As soon as she arrives in Berlin, Lorraine is ambushed by KGB agents working for arms dealer and KGB associate Aleksander Bremovych, but is able to escape thanks to her main contact, agent David Percival, showing up to help. Percival, played by James McAvoy who seems to be channeling his quite astonishing turn in Filth, may be an agent himself, but seems happiest drinking, whoring and making a little money on the side by selling contraband goods. The two create some nice tension between them but involvement, even of just the sexual kind, doesn’t seem to be on the cards because there’s also French agent Delphine Lasalle who’s obviously far more her [and mine] type than Percival. Apparently the character was a male in the comic, so its easy to see this as a cheap attempt to cash in on the current popularity of both female and lesbian-themed stories, and the sex scene is disappointingly cut short considering that this is an ‘R’ rated film with a hell of a lot of violence. The character doesn’t end up mattering much in the story either, though it’s interesting to try to work out what Lorraine’s real thoughts on the matter are. She could just be using Delphine. And it’s nice to see The Mummy‘s Sofia Boutella in something good. Meanwhile there’s a Stasi officer codenamed Spyglass who matters a great deal. He’s the one who stole the List and has memorised it, so Percival offers to escort Spyglass and his family across the border to West Germany. However, Percival also meets with Bremovych to arrange the transfer of the List to him!
If you’re not used to this kind of “who’s working for who” kind of plotting, then not being able to trust a soul in this film may become confusing, but I rather enjoyed being asked to think for a change, and actually veterans of the more complicated kind of spy story may guess some of the supposed revelations before they occur. The action higlight is a ten minute series of several brawls that begin on a staircase, goes through an apartment and end up in a car, shot with no obvious cuts [apparently they are there, but I certainly didn’t spot them first time round] and the camera keeping steady so we can really appreciate what’s taking place on screen. The fighting in this film, while not taking place that often, is vicious, bloody and messy, with participants reaching for whatever is at hand [look out for what Lorraine does with an extension cord] as often as they perform some martial arts [Theron trained at the same time as Keanu Reeves did for John Wick 2 and they even sparred together]. And it’s given a real edge by Lorraine not being an invincible Bourne or Salt-like character who never seems to get hurt or make a mistake, but instead being somebody who often cocks things up and who can get badly injured. When she’s smashed in the face or thrown to the ground, you almost wince. There’s also a couple of decent car smashes which look like they have just a touch of CGI [though why did they need any?].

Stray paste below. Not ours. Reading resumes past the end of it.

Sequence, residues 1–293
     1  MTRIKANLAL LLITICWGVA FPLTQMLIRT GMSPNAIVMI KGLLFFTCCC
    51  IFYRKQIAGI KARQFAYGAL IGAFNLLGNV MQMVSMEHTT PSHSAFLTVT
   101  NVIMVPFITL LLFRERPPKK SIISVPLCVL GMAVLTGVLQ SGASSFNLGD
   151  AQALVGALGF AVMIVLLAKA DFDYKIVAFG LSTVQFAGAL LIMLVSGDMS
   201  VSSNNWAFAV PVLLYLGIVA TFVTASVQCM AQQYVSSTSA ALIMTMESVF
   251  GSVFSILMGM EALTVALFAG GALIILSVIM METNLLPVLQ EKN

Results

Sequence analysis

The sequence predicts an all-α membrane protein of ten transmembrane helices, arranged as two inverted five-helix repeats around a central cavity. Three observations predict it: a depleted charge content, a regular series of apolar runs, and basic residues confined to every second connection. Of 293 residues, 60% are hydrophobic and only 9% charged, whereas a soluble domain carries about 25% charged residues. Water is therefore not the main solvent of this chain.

While some flashy scene changes are a little annoying, Leitch has crafted a visually strong film here, appropriately grey, muted locales alternating with red, blue and sometimes green neon-lit rooms and nightclubs that almost make it sometimes look like John Wick 3. One chase sequence ends up in a cinema showing the Soviet film Stalker, though I wondered why considering that Andrei Tarkovsky’s masterly sci-fi parable was actually made in 1979. Elsewhere there’s a real good sense of time and place, though I was most disappointed to learn that filming took place in Budapest, while the almost nonstop parade of songs, some from 1989 but some from before, gets a bit too much, as if the filmmakers were afraid that we’d forget when the film was taking place. At least there are some rather left-field choices [Ministry?!] along with the rather too familiar ones [I mean how many times do we need to hear The Clash’s London Calling] and a couple of German covers. And the songs are usually well chosen so they back up or even energise what’s happening onscreen.
Mysterious yet vulnerable, tough yet sexy, clever yet fallible; Lorraine is just one of the best heroines of the year. Theron never seems to let you in so you never really know what Lorraine’s thinking, yet you’ll still with her every step of the way. I wouldn’t object to seeing her return, something that’s certainly possible considering the film’s pretty good [for an ‘R’ rated film today that isn’t a comedy or a horror] box office. Atomic Blonde makes a praiseworthy attempt to be both intelligent and exciting, so I think that some of its more bothersome issues which I haven’t yet got around to mentioning but which do sadly lower its overall grade for me – quite a few scenes which seem to be cut short before they’ve actually finished, a final twist which is perhaps one twist too far and makes little sense, rather too many close-ups of Theron’s face [as nice as it is] – can almost be forgiven. With Leitch at the helm, it actually makes me look forward to Deadpool 2, and if you read what I thought of that movie that’s a miracle.